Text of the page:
One of the biggest changes you can do in your life here is to eat a more plant-based diet. 51% of global greenhouse gases are attributable to livestock production (World Watch, 2009). This makes the production of animal products the biggest contributor to greenhouse gases. If you are not ready to go completely plant-based starting with one day a week without consuming animal products already has a big impact. For example, the resources you save by not eating one single hamburger is equivalent to not showering for 2 whole months. In addition, wherever you have the choice and will decide to consume products which use lower emission technologies or renewable energy.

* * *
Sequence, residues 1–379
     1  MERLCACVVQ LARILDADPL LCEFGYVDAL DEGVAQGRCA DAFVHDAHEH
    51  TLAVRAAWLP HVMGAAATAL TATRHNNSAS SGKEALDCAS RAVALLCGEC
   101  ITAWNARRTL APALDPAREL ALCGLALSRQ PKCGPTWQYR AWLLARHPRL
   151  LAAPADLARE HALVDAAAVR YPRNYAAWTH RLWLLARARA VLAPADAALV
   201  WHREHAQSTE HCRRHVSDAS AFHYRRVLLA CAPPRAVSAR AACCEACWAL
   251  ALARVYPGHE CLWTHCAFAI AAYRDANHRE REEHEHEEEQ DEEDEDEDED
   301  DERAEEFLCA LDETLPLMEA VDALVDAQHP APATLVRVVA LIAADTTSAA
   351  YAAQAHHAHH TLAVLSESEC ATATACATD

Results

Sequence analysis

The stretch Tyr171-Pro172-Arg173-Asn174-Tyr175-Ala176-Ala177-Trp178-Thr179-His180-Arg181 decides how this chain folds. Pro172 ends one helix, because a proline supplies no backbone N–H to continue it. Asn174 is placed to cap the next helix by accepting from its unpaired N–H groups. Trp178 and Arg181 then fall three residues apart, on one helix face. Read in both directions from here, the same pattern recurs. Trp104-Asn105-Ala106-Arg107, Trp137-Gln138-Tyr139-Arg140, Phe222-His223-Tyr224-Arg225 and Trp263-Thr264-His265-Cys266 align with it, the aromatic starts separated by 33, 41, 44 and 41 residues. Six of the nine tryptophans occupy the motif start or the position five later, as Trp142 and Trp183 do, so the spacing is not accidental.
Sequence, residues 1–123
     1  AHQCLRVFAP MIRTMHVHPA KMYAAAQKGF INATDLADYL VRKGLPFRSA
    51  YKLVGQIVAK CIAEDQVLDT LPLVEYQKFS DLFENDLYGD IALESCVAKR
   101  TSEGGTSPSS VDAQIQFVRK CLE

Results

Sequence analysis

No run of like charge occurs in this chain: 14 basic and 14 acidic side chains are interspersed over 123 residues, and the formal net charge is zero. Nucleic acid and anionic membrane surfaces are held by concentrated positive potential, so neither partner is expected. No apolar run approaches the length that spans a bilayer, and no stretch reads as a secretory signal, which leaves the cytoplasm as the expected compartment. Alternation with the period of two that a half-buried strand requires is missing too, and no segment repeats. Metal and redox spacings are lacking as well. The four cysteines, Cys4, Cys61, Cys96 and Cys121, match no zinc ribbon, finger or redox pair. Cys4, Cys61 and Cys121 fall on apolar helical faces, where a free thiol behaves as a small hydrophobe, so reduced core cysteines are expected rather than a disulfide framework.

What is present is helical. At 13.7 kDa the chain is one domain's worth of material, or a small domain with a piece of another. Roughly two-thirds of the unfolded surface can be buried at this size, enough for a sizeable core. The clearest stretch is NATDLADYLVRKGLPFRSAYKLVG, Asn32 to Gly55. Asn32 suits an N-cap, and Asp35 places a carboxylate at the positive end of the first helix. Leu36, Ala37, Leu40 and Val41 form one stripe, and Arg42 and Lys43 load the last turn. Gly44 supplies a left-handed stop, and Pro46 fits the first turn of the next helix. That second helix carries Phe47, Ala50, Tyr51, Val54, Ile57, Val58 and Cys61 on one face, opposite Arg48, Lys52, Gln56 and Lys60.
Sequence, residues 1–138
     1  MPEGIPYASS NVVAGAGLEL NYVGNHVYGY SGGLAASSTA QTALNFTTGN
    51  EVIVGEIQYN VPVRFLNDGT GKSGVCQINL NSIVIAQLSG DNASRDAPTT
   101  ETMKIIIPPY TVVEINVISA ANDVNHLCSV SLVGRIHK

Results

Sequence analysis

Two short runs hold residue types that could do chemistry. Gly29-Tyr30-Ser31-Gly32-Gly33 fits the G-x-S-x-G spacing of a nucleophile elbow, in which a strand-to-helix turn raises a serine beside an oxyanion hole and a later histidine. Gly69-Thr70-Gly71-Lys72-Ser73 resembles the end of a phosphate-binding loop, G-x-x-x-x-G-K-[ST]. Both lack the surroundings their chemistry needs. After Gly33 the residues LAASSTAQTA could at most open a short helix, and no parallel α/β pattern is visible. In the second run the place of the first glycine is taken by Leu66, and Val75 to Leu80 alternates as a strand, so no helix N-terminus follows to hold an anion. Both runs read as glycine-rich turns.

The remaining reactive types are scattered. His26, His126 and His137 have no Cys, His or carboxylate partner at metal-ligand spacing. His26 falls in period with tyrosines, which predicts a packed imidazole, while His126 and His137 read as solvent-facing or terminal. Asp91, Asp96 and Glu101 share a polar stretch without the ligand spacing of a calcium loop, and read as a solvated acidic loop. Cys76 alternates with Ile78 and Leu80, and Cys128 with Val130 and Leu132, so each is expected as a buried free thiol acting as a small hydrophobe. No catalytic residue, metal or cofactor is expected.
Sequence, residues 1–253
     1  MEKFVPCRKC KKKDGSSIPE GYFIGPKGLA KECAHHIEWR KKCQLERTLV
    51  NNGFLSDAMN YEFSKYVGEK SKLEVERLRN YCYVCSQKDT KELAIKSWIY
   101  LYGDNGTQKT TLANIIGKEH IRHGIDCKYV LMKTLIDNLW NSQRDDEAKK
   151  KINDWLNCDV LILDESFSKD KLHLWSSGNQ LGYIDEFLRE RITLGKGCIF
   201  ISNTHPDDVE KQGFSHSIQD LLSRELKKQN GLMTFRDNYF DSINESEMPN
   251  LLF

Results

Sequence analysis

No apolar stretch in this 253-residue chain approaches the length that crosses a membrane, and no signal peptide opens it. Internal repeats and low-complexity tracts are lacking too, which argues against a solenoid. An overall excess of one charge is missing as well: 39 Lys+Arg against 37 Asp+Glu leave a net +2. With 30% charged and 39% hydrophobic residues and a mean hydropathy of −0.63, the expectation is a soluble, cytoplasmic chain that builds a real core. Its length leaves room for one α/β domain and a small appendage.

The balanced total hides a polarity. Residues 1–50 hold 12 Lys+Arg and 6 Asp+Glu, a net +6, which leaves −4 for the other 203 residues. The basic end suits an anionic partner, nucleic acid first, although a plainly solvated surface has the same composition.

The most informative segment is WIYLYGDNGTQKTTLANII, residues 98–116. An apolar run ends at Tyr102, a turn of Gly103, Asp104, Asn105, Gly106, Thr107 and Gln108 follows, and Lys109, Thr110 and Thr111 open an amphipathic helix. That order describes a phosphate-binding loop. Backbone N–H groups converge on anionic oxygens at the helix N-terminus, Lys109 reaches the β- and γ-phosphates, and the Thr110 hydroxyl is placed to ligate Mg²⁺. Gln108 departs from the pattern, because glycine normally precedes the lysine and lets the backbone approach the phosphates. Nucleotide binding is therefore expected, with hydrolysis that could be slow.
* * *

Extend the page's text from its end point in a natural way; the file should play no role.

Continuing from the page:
#6 Nuclear Security
After the cold war, nuclear weapons have been decimated around the world, but still, there are around 16’000 nuclear weapons in the world right now, with the US and Russia in possession of more than 95% of the world’s weapons. A nuclear war would decimate the world’s population and have the climatic effect of a nuclear winter — nuclear war-induced permanent global winter. Main nuclear powers are the US, Russia, China, the UK and France. Other nuclear powers include India, Pakistan, North Korea, Iran and Israel.
Our role as individuals is to promote world peace and to avoid war above other concerns. World peace starts with our own lives, within ourselves. Only by being peaceful within are we able to give peace to the world. As we cannot give what we don’t have.
Natural pandemics and new scientifically engineered pathogens, also known as bioweapons for modern warfare, could potentially kill millions or even billions of people when they get out of hand. Through political activism and scientific research, you may contribute to the lacking risk management processes.
#4 Factory Farming